Council of Great City Schools

Special education overhaul


Rainy Day Fund

Student & School Performance



New York

Schools chiefs give publishers ultimatum about new standards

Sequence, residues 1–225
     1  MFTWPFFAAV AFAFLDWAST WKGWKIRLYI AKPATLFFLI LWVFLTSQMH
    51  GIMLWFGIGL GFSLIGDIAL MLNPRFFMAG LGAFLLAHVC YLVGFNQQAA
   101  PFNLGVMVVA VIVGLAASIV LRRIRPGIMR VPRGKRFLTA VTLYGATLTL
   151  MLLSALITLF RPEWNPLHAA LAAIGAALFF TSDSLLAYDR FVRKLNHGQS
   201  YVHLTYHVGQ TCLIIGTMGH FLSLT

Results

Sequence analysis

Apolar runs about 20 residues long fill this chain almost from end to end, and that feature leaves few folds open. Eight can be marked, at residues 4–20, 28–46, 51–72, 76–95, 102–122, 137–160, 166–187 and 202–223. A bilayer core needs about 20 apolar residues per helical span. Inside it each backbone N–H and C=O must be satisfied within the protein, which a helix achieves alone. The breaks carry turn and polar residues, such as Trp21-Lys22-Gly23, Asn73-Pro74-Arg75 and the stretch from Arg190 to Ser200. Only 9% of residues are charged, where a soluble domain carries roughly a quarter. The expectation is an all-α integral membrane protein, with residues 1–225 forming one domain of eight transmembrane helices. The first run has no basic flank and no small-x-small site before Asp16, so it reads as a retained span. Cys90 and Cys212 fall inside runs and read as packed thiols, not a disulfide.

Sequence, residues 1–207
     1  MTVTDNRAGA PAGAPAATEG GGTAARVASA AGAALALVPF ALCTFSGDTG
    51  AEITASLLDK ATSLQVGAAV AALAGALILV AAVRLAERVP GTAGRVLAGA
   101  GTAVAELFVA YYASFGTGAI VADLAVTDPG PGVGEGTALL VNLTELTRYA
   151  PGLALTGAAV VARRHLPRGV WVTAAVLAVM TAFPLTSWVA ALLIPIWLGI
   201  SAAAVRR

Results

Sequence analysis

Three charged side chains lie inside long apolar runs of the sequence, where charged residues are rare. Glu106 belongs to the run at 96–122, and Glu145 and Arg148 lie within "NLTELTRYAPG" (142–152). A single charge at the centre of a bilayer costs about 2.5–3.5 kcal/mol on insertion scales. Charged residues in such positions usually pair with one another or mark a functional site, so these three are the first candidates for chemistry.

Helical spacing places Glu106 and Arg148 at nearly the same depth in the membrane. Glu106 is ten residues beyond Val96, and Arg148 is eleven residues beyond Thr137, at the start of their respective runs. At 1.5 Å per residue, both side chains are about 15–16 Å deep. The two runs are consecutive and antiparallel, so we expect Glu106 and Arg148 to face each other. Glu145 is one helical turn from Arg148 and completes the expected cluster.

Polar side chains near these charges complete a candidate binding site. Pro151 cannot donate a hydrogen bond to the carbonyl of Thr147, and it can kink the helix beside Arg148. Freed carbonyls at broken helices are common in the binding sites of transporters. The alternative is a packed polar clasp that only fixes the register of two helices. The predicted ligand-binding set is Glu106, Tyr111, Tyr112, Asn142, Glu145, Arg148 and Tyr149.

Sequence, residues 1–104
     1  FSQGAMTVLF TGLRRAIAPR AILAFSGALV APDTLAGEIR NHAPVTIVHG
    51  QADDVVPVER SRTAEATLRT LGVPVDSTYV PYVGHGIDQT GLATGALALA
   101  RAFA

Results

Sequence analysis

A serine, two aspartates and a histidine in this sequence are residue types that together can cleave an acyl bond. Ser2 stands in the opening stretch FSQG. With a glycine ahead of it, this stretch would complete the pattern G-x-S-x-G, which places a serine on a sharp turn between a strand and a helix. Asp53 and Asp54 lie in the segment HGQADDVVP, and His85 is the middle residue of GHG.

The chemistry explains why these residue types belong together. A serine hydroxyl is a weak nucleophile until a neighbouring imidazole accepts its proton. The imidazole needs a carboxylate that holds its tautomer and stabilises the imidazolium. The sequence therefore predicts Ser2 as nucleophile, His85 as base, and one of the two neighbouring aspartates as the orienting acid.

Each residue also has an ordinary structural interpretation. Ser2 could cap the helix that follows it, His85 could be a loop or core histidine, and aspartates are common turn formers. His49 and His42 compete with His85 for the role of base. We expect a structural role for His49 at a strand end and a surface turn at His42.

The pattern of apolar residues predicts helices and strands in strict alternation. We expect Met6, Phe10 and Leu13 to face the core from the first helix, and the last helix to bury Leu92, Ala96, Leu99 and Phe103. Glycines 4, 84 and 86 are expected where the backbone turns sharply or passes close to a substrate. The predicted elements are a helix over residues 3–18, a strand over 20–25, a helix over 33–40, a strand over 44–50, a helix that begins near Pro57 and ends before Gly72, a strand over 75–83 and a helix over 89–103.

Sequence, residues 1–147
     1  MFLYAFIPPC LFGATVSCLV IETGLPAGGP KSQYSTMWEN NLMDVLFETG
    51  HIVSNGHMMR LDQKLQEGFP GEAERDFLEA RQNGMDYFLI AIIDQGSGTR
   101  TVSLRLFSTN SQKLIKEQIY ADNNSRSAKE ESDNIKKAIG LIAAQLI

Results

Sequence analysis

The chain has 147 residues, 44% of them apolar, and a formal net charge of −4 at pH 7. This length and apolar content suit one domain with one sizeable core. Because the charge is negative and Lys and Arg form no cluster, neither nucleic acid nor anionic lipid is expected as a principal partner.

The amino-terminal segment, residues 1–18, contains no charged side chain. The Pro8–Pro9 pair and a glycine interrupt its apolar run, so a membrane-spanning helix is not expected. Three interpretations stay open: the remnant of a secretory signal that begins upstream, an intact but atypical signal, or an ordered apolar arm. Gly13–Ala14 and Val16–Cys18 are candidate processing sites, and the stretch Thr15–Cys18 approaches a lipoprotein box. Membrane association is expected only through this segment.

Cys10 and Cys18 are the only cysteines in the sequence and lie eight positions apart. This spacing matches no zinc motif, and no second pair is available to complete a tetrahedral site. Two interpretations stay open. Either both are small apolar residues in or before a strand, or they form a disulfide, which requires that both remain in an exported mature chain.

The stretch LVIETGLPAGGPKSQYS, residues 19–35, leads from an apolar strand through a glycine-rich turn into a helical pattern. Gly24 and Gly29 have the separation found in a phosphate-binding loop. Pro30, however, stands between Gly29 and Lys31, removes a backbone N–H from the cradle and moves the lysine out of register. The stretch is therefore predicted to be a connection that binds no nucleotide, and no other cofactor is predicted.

Greg Worrell (right), an executive at Scholastic, introduces himself to Chicago Public Schools CEO Jean-Claude Brizard after the event. Calling for a "buyers' cartel" against the publishing industry, more than 30 large urban school districts have formed an agreement to purchase only instructional material that meets new learning standards' high bar of rigor. "I think through our collective efforts we want to make sure that the publishing industry understands the power of all of us working together," New York City Schools Chancellor Dennis Walcott said today. Walcott was among more than two dozen superintendents and chief academic officers who convened at the New York City Public Library to announce the pact. The leaders said they were affirming their commitment to ensuring the ambitious Common Core standards aren't watered down by publishers seeking easy profits. The event was organized by the city Department of Education; the Council of Great City Schools; and Student Achievement Partners, the nonprofit that developed the Common Core. New York City alone spends $100 million a year on materials produced by publishers, Walcott said today. And together, the council's 67 member districts spend more $2 billion annually on instructional materials, including textbooks, supplemental reading text, and online resources. The education publishing industry is dominated by multinational conglomerates including Pearson, McGraw-Hill, Scholastic, and Houghton Mifflin Harcourt. In a 40-minute presentation today, Jason Zimba and Susan Pimentel, founders of Student Achievement Partners, indicted the industry for creating low-quality materials that they said contributed to lagging student achievement. "Part of the purpose of this event is to say loudly and clearly that the major cities in this country are really quite serious about this and we're going to pull together and signal to you what it is that we need and let the marketplace respond,"said Michael Casserly, executive director of the Council of Great City Schools.